Background: Critical defects of the craniomaxillofacial region are often treated with vascularized osteocutaneous free flaps. These lengthy operations may be associated with considerable donor-site morbidity and suboptimal functional and aesthetic results. To overcome these issues, this study investigates an engineered vascularized bone flap using allograft bone, adipose-derived stem cells, and recombinant human bone morphogenic protein (rhBMP)-2 and compares two alternative blood supplies.
Methods: Edentulous porcine hemimandibles were commercially sterilized, packed with rhBMP-2-soaked absorbable collagen sponge and autologous, culture-expanded adipose-derived stem cells, and implanted into two locations within 10 pigs: (1) an intercostal-based periosteal envelope (thoracic) and (2) within the rectus abdominis muscle with insertion of the superficial inferior epigastric vascular pedicle into the medullary cavity (abdominal). The constructs were incubated in vivo for 7 to 8 weeks and harvested to assess de novo bone formation.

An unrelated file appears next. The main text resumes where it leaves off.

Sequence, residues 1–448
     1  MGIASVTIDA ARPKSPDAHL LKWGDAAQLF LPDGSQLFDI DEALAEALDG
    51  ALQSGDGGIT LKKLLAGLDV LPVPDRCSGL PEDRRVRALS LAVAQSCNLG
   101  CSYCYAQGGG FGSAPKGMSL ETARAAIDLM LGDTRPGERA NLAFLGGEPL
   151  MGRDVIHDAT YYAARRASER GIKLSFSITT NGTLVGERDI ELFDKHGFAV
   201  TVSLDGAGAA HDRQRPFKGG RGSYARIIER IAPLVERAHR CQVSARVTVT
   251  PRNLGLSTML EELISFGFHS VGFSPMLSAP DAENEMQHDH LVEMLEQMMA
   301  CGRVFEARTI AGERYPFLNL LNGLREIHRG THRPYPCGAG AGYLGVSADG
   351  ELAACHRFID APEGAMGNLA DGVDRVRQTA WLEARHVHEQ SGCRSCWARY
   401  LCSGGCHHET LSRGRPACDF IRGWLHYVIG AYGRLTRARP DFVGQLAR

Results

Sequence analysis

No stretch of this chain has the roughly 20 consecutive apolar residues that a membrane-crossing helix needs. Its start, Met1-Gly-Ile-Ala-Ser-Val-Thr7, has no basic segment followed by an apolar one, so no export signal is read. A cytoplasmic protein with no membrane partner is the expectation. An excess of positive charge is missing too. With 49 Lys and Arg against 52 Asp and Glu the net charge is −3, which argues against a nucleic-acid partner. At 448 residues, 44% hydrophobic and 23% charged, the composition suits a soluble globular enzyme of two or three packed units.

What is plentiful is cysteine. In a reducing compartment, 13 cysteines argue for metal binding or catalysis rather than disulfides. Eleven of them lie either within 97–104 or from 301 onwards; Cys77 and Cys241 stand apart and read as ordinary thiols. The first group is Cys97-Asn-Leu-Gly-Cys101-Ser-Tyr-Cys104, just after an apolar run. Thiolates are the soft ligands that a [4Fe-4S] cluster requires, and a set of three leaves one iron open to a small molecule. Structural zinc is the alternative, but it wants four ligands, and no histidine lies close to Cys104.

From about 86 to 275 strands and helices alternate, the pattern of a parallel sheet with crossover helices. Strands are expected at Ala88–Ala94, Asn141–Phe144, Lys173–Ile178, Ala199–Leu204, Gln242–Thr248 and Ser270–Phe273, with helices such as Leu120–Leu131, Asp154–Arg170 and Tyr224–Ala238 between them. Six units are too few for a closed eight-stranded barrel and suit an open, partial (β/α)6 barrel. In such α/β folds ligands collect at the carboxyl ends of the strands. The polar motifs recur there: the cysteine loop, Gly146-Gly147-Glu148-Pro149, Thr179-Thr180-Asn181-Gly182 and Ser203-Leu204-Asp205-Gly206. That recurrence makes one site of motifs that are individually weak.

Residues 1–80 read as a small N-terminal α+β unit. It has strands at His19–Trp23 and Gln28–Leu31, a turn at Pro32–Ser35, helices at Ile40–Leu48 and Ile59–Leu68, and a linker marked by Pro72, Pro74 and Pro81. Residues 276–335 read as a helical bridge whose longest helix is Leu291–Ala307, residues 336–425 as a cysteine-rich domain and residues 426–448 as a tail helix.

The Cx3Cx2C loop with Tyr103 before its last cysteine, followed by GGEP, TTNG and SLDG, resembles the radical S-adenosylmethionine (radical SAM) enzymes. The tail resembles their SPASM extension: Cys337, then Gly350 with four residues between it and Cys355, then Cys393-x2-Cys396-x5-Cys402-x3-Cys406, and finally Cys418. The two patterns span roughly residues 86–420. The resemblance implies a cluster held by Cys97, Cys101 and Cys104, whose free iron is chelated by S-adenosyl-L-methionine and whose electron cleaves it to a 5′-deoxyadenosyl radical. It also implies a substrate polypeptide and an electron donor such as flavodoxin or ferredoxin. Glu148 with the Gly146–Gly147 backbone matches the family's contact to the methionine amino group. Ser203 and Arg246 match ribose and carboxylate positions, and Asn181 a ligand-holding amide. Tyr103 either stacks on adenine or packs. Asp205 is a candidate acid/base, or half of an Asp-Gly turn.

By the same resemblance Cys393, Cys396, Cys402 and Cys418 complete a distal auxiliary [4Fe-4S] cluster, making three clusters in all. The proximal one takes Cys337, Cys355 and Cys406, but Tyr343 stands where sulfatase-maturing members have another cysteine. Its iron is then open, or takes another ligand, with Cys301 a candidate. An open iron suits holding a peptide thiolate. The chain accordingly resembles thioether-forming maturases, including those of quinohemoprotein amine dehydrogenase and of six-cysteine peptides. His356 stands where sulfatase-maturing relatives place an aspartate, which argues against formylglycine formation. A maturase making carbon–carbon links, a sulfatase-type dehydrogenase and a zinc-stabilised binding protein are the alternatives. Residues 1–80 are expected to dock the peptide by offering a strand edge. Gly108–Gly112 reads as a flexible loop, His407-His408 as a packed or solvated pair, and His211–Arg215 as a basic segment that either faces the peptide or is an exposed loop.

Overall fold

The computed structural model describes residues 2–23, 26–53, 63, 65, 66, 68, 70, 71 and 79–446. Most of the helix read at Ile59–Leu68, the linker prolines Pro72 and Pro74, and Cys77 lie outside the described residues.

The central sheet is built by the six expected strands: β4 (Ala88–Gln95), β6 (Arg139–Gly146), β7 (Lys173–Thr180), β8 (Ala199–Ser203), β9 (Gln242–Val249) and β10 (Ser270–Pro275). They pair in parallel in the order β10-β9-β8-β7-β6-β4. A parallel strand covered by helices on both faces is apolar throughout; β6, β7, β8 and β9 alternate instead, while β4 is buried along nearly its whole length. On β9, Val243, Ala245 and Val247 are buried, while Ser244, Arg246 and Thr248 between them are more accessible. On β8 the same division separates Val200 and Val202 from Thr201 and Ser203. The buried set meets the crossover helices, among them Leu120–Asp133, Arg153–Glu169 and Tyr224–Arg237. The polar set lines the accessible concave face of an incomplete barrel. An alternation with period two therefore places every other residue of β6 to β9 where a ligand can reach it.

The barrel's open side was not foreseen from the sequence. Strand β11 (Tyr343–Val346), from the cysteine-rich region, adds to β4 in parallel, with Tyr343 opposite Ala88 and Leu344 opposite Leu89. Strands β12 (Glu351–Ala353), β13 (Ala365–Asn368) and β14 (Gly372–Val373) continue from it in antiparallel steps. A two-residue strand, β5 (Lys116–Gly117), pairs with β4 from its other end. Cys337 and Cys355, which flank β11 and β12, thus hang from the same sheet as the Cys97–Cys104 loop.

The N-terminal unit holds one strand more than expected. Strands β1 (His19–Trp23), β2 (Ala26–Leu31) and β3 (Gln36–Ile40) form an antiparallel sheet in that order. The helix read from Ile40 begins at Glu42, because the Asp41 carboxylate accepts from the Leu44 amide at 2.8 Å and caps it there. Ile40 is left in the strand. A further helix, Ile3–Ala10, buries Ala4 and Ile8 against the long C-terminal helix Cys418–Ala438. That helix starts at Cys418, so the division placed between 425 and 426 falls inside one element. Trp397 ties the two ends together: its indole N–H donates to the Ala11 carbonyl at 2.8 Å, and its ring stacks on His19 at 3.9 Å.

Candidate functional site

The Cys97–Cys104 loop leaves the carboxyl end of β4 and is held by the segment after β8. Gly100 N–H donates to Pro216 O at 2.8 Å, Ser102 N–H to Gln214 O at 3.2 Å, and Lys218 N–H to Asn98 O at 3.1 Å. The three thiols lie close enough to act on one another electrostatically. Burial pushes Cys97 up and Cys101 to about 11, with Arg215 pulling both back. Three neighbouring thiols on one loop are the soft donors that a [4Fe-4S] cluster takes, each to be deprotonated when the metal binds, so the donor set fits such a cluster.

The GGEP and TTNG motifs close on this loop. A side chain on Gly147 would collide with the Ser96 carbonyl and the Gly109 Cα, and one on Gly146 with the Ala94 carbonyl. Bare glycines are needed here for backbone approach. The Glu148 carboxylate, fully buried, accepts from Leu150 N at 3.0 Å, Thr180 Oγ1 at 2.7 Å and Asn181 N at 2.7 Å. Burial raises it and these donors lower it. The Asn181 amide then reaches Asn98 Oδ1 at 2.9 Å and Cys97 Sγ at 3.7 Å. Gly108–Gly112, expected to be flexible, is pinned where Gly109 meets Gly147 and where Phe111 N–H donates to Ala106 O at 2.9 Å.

Results: Radiographic, micro–computed tomographic, and histologic assessments of harvested constructs were performed. Abdominal constructs had a thin rim of new, cancellous bone surrounding a fibrotic core with little allograft remaining. Thoracic allografts were absorbed completely and replaced with new, full-thickness, cancellous bone. Calcitic tissue content was significantly higher in thoracic (474.16 ± 75.93 ml) compared with abdominal (143.20 ± 46.39 ml) constructs (p < 0.006). New bone in both groups contained Haversian systems, but only thoracic constructs contained marrow elements and blood vessels resembling normal bone.
Conclusions: These data demonstrate revitalization of large-volume allograft bone, and have positive implications for bone tissue engineering. Allograft revitalization in thoracic but not abdominal constructs reinforces the critical role of the periosteum in the process.